Monitoring is key, because while it is one challenge to get everything set up and working smoothly, ‘anything can happen in the next half hour’. Without great monitoring in place you can’t know for sure that everything is as it should be. An embarrassing situation to be in can be finding that your website is down or that a key functional aspect such as checkout or adding to basket is not working, and hearing this from your users (often rather vocally - Twitter is a wonderful (or not so wonderful!) thing here) before you hear about it internally is never a good feeling. There are monitoring solutions and approaches for all, so choosing the right one - and ensuring that the right people know about their appropriate alerts - is critical.
Load management encompasses load balancing, and actually sits under the banner of ‘high availability’, from a fault tolerance perspective as well as better servicing requests to your website and providing the best performance possible. There are many ways to help direct the load placed on your hosting by your visitors to direct them to the fastest possible source of your content - these include using load balancer technology, adding caching and indexing to your databases and queries (via memcache, redis, or similar), http caching (perhaps using the Nginx web server software as a reverse proxy in front of apache - as one is great at dynamic content, and the other great for static content), or the popular ‘varnish’ http cache service.
Load balancing can help with this at a server or device level too. If you have more than one ‘host’, dividing your traffic between them to reduce overall load on any one device can be very useful. It also means that should a host experience an issue, other than potentially slower performance (mitigated by adding more hosts) your website will stay up and running, and nobody should notice. Eliminating single points of failure can make a difference one day when things go wrong, or during periods of peak demand ... Black Friday being a great example. There are various ways to do this:-
- Cluster your database servers and have more than one host provide access to your database
- Ensure that all database instances are in sync across all hosts
- Be savvy about network connections and access between servers
Using a CDN comes under the banner of caching. But can also be helpful if problems occur.
A CDN, such as CloudFlare or Akamai, is essentially a huge network of extremely high capacity servers, that can keep a local copy of your website. Each CDN provider has servers all over the world, and visitors (after you have your CDN account set up and have made appropriate changes to DNS) will be sent to the servers that are geographically closest - or on the fastest route - for them. You still need your traditional hosting as we’ve described above, and this is referred to as your ‘origin’ server. Content held by the CDN will be refreshed periodically, or based on headers that your website can set within the code. You can also generally request a refresh of content in the CDN's cache too, manually on demand - perhaps to coincide with a launch, sale, or other big update, ensuring that your users are not seeing old website content. CDN's work best for caching ‘static assets’ - images, CSS files, and the actual html pages that make up the static areas of your site - for example your ‘About’ or ‘Contact’ page.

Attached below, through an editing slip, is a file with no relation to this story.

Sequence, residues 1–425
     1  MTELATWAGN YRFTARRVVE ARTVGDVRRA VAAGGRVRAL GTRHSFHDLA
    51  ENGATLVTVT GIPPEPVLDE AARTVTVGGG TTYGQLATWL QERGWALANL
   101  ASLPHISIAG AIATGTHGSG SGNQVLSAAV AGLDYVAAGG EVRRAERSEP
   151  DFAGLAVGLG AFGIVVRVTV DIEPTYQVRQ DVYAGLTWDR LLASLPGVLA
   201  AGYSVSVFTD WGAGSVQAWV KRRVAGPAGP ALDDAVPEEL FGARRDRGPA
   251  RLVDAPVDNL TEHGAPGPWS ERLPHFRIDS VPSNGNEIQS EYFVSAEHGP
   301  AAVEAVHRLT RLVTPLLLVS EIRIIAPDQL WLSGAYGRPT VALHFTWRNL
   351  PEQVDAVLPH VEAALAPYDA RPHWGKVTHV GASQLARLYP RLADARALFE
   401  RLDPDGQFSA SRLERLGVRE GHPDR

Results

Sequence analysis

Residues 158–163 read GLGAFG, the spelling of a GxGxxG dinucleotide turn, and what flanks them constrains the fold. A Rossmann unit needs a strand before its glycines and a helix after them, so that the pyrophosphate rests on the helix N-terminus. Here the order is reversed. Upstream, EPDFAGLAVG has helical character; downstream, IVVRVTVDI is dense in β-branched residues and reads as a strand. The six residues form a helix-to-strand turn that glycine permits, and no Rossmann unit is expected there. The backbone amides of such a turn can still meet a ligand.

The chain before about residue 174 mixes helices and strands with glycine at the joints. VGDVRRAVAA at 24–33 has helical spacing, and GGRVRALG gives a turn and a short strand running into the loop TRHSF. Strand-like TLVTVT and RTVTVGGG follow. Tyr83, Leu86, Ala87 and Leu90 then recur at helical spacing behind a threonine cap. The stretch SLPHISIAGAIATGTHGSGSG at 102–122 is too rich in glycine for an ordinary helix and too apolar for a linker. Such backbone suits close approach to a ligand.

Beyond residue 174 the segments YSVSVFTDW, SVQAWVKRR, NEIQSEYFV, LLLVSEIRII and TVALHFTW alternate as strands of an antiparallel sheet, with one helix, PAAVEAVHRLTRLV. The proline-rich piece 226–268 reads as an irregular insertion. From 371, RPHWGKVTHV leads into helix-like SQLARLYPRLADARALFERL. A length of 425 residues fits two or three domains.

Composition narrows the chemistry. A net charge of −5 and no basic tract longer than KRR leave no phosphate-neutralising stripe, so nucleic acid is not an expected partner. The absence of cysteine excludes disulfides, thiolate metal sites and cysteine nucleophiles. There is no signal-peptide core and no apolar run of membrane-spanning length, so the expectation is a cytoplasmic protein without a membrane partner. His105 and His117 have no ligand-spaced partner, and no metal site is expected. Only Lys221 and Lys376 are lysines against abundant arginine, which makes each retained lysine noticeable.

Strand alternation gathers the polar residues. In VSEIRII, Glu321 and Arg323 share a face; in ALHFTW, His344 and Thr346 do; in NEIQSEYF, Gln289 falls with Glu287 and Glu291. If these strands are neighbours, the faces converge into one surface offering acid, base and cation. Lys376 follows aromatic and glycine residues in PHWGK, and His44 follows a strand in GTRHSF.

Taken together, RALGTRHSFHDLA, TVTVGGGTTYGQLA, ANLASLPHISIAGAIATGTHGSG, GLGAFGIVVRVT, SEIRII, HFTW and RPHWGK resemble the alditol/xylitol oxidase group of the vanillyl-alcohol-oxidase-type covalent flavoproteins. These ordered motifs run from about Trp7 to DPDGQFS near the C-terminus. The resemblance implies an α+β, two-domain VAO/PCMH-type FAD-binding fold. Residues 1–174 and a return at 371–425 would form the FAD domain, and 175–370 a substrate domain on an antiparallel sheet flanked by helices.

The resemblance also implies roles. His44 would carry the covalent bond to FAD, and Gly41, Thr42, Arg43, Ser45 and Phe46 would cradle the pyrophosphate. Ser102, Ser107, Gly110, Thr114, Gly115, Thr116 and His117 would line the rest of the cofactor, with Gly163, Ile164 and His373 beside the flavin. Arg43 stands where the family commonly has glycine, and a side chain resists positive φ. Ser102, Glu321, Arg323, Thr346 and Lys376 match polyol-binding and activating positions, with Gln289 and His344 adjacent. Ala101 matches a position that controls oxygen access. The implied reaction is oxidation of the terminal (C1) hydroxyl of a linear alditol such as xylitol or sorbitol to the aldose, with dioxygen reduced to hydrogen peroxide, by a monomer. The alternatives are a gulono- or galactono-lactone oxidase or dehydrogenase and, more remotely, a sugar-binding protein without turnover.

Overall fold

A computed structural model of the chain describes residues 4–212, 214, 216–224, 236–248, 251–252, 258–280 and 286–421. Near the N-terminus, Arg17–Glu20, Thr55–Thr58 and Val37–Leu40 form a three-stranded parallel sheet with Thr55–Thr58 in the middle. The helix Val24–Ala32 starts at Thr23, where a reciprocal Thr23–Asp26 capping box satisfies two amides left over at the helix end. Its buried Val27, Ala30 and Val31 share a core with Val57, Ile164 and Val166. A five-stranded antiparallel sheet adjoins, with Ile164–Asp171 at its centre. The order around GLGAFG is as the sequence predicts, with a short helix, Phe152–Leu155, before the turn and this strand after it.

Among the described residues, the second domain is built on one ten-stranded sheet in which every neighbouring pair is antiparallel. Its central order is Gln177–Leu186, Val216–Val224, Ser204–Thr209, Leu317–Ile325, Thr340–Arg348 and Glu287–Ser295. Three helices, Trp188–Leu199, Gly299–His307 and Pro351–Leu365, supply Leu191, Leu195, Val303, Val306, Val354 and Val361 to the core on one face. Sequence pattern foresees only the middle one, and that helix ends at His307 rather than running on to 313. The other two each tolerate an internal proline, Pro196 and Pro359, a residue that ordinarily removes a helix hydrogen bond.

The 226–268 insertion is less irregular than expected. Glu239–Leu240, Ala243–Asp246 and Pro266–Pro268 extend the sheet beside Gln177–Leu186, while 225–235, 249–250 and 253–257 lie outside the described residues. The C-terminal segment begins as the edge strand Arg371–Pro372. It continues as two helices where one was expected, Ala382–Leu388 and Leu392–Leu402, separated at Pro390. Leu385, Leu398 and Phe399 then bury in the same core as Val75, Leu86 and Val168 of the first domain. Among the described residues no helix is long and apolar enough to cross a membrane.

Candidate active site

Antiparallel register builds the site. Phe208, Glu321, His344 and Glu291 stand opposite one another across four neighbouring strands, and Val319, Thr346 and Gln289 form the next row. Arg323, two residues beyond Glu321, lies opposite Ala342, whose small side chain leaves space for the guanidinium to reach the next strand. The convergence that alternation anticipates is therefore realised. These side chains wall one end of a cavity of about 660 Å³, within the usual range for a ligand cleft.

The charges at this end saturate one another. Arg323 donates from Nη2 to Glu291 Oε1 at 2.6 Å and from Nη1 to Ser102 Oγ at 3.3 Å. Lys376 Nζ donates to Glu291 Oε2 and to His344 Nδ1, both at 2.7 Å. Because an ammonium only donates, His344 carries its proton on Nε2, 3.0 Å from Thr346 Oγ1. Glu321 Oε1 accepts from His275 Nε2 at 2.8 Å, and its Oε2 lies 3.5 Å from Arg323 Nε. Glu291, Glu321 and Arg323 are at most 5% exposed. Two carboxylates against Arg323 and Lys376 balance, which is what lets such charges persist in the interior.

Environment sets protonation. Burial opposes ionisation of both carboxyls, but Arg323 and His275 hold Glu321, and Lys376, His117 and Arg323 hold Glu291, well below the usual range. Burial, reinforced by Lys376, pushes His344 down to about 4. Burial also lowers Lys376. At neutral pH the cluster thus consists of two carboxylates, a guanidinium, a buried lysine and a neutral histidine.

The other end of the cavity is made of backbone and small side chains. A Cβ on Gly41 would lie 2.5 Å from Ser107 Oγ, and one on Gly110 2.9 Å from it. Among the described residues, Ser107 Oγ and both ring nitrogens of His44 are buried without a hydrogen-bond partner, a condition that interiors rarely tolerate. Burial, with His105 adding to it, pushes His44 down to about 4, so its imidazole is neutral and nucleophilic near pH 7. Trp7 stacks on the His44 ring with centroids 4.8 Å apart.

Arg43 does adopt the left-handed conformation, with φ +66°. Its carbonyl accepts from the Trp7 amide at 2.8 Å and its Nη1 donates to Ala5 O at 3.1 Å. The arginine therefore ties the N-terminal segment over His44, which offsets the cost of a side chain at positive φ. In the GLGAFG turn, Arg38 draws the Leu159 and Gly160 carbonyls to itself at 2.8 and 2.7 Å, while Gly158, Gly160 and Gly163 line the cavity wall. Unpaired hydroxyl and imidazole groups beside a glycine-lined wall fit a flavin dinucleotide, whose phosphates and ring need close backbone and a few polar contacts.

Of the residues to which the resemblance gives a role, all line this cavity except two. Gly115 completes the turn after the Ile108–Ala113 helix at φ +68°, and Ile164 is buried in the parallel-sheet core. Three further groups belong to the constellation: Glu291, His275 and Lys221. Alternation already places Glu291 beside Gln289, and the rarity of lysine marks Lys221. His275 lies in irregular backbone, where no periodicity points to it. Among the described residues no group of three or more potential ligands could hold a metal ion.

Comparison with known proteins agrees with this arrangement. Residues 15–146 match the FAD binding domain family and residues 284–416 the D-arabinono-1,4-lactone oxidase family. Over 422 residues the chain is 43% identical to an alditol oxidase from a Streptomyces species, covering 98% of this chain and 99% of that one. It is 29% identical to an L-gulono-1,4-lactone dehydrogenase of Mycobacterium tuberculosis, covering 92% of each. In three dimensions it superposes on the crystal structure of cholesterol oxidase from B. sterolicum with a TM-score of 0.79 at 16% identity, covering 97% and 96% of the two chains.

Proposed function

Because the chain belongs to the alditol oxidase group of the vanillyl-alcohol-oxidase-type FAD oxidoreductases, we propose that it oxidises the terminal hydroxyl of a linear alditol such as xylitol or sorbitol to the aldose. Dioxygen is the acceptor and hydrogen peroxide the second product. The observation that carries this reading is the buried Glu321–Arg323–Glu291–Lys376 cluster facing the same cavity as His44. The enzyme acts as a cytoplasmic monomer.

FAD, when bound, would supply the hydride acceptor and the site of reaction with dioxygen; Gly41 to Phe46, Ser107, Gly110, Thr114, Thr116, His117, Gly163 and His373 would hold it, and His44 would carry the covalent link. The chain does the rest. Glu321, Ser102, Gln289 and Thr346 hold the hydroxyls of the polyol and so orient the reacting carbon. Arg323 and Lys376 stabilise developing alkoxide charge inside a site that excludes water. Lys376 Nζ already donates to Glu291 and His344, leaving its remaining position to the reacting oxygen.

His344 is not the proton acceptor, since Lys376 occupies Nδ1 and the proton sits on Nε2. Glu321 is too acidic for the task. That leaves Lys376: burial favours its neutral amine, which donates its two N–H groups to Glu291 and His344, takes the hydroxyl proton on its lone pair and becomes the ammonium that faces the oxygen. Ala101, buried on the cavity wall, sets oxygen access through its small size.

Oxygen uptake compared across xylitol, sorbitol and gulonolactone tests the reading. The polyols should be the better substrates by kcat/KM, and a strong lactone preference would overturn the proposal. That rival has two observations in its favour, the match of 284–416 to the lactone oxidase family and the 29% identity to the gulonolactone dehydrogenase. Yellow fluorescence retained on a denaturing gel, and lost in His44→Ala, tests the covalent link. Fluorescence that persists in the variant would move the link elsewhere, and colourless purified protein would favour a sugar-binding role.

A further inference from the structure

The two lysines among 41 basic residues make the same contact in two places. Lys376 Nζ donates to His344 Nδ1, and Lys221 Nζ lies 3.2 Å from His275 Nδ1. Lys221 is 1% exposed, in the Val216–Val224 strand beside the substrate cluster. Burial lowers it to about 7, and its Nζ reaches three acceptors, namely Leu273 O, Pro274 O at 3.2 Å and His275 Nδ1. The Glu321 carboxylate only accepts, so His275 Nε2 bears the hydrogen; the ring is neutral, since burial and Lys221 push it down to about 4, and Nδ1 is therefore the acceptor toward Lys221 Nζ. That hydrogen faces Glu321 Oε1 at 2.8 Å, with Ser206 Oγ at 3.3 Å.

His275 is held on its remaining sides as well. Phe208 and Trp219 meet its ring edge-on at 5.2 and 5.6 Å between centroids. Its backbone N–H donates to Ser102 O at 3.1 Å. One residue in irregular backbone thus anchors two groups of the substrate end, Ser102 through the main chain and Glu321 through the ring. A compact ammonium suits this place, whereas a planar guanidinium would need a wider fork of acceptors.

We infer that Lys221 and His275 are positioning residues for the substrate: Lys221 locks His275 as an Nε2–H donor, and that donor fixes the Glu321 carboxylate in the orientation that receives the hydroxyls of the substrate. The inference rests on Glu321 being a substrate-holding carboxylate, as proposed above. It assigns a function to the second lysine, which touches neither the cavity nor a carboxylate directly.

Some other top tips include:
Keep it secure, stupid
We know you’re not stupid - far from it (you’re reading our newsletter article for a start!) - but much like the old KISS adage (‘Keep it simple, stupid’), you can, and should, swap out the word simple for ‘secure’. When changes are made to hosting and infrastructure, it’s easy to introduce vulnerabilities or remove elements of security that may have been in place quietly fulfilling their role for a long time. Whether consulting with a specialist, talking with your partner service providers, performing regular penetration testing exercises, asking questions like ‘how secure is everything?’, ‘has anything changed with our security?’ and ‘what more can be done?’, this will all help you to stay up to speed. One thing I can say with confidence is that you would be amazed, and possibly appalled by just how many threats are mitigated every hour, or day, through great security implementations.